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Tang Dynasty Court Official in Sancai Glazed Robes – China ‘618-907’ – TL Tested
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Tang Dynasty Court Official in Sancai Glazed Robes – China ‘618-907’ – TL Tested

Tang Dynasty Court Official in Sancai Glazed Robes – China ‘618-907’ – TL Tested

$21,600.00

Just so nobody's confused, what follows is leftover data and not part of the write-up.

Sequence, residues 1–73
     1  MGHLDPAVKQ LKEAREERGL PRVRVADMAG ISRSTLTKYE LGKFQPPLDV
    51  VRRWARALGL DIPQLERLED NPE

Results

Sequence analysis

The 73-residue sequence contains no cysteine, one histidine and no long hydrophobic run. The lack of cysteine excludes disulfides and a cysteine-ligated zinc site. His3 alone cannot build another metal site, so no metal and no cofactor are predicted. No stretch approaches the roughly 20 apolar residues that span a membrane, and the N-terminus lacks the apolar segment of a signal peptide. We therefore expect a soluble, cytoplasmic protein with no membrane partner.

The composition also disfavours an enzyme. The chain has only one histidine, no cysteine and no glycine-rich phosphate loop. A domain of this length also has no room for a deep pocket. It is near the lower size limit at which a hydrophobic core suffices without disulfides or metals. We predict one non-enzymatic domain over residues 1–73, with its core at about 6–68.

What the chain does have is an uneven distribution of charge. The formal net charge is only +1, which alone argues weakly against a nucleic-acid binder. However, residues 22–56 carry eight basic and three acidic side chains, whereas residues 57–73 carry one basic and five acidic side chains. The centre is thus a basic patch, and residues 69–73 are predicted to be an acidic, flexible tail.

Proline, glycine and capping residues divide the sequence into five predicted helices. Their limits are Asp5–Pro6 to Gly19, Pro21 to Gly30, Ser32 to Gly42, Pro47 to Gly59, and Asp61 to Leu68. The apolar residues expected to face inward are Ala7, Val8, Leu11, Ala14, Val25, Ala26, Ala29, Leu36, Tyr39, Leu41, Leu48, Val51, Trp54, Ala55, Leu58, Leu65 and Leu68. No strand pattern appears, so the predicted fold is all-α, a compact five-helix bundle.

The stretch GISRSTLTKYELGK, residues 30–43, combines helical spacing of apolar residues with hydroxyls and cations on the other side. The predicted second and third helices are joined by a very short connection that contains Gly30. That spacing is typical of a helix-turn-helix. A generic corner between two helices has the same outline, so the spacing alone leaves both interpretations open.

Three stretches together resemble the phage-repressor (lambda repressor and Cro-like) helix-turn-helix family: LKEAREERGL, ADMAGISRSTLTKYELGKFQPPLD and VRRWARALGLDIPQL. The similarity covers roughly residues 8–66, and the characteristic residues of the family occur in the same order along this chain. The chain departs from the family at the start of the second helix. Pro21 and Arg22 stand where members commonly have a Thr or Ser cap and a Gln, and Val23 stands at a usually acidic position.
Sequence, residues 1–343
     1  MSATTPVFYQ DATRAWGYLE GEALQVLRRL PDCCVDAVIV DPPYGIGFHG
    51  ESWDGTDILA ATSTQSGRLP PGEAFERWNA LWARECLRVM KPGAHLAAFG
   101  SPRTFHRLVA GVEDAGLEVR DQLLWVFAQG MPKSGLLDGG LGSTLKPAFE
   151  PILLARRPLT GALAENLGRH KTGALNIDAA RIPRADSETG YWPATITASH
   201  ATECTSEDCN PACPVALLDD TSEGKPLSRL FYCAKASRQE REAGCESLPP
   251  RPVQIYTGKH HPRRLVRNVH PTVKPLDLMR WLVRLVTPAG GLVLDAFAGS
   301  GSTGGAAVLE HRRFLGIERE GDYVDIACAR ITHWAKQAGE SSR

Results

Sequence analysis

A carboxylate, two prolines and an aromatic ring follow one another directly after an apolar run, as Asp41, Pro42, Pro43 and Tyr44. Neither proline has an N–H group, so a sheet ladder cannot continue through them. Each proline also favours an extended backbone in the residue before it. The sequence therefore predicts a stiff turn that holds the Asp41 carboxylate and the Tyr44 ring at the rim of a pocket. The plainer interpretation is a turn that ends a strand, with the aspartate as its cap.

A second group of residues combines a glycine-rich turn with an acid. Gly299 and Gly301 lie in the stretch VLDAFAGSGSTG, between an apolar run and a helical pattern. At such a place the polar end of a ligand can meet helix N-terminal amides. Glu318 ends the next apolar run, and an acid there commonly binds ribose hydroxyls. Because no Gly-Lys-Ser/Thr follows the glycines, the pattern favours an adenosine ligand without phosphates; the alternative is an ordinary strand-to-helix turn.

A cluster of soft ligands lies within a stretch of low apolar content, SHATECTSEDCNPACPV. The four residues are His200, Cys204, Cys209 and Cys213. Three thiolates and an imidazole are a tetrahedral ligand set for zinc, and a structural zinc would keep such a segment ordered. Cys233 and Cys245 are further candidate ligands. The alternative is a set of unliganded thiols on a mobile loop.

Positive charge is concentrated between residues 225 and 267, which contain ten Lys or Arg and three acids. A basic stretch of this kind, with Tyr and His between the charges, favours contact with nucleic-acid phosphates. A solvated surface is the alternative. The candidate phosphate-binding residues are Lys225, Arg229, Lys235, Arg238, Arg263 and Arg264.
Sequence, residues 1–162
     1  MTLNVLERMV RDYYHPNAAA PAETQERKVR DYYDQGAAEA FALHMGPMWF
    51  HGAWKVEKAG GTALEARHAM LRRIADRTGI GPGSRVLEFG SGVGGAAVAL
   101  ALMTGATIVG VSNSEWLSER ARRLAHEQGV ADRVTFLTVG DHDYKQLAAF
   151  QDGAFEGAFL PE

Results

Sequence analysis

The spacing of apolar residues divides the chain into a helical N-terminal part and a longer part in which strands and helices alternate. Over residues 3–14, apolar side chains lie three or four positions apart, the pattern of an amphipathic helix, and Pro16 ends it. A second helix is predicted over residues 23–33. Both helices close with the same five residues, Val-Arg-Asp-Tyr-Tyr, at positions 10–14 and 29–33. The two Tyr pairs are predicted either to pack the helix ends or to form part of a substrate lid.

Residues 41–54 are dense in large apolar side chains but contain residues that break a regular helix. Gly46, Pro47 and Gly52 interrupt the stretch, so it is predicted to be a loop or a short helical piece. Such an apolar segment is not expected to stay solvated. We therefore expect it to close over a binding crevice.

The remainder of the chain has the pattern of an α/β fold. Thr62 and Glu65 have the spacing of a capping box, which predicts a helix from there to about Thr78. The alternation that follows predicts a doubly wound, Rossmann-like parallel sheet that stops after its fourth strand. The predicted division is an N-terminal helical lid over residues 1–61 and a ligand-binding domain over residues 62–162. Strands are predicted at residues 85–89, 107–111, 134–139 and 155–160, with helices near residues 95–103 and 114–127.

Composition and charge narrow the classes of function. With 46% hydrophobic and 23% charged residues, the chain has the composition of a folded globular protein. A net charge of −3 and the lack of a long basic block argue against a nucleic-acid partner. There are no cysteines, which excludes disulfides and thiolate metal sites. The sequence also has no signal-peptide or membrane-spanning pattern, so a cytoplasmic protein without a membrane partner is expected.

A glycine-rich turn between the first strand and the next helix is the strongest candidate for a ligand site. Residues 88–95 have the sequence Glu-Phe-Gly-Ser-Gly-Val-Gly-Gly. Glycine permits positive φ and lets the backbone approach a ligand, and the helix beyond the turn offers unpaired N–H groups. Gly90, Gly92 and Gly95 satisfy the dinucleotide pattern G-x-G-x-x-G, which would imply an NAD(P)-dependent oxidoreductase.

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A Tang dynasty sancai (three color) glazed pottery model of a Taoist official, TL tested by Ralf Kotalla – worldwide oldest private laboratory specialized for genuine thermoluminescence test analysis in Germany., The figure is portrayed standing upon a pedestal in an observant position, dressed in traditional sancai (amber, green, and a creamy off-white) glazed robes, typical of this epoch. His clasped hands are joined in front beneath his long sleeves., This figure bears the typical headdress for an official in the Tang dynasty and can be identified by the shape of his hat, traces of red pigment can still be observed. The phoenix that decorates his head indicates that he serves in the court of the great immortal Xiwangmu – the Queen Mother of the West – who presides over the Western paradise (the Taoist heaven), a land of eternal summer, perfection, and beauty., This fantastic piece is accompanied by the following documents:– TL Test by Ralf Kotalla Laboratory NE: 06081204– Certificate of Expertise by Jean-Yves Nathan – a leading authority specialized in Far East Archaeology from the CEDEA (The European Confederation of Art Experts).– European Passport– Certificate of Authenticity by Muzeion Gallery, Provenance: Private European Collection, Taoism is a Chinese philosophy based on the writings of Lao-tzu advocating humility and religious piety. It is a highly organized system, with levels of heaven and hell organized like a bureaucracy, complete with kings, governors, judges and government officials. The Tao – which literally translates as “The Way” – is a fundamental idea in most Chinese philosophical schools; in Taoism, however, it denotes the principle that is the source, pattern and substance of everything that exists., Burial figurines of graceful dancers, mystical beasts, and everyday objects reveal both how people in early China approached death and how they lived. Since people viewed the afterlife as an extension of worldly life, these figurines, called mingqi, sometimes referred as “spirit utensils” or “vessels of ghosts” disclose details of routine existence and provide insights into belief systems over a thousand-year period., When China was unified again, first briefly under the Sui and then under the long and prosperous Tang, mingqi truly resurged as a part of elaborate tombs. Tang mingqi integrated the guardian figures and pack animals of the Northern and Southern Dynasties, but also incorporated the many international influences that were popular during this time of stability and expansion. Following Han dynasty traditions, Tang mingqi frequently take the form of musicians, dancers, and servants in clay, but are ornamented with sancai (three-color) glaze, an artistic influence that was transmitted from Central Asia along the Silk Road. Foreigners were also frequently depicted, reflecting a cosmopolitan society that embraced exchanges with other groups and cultures.

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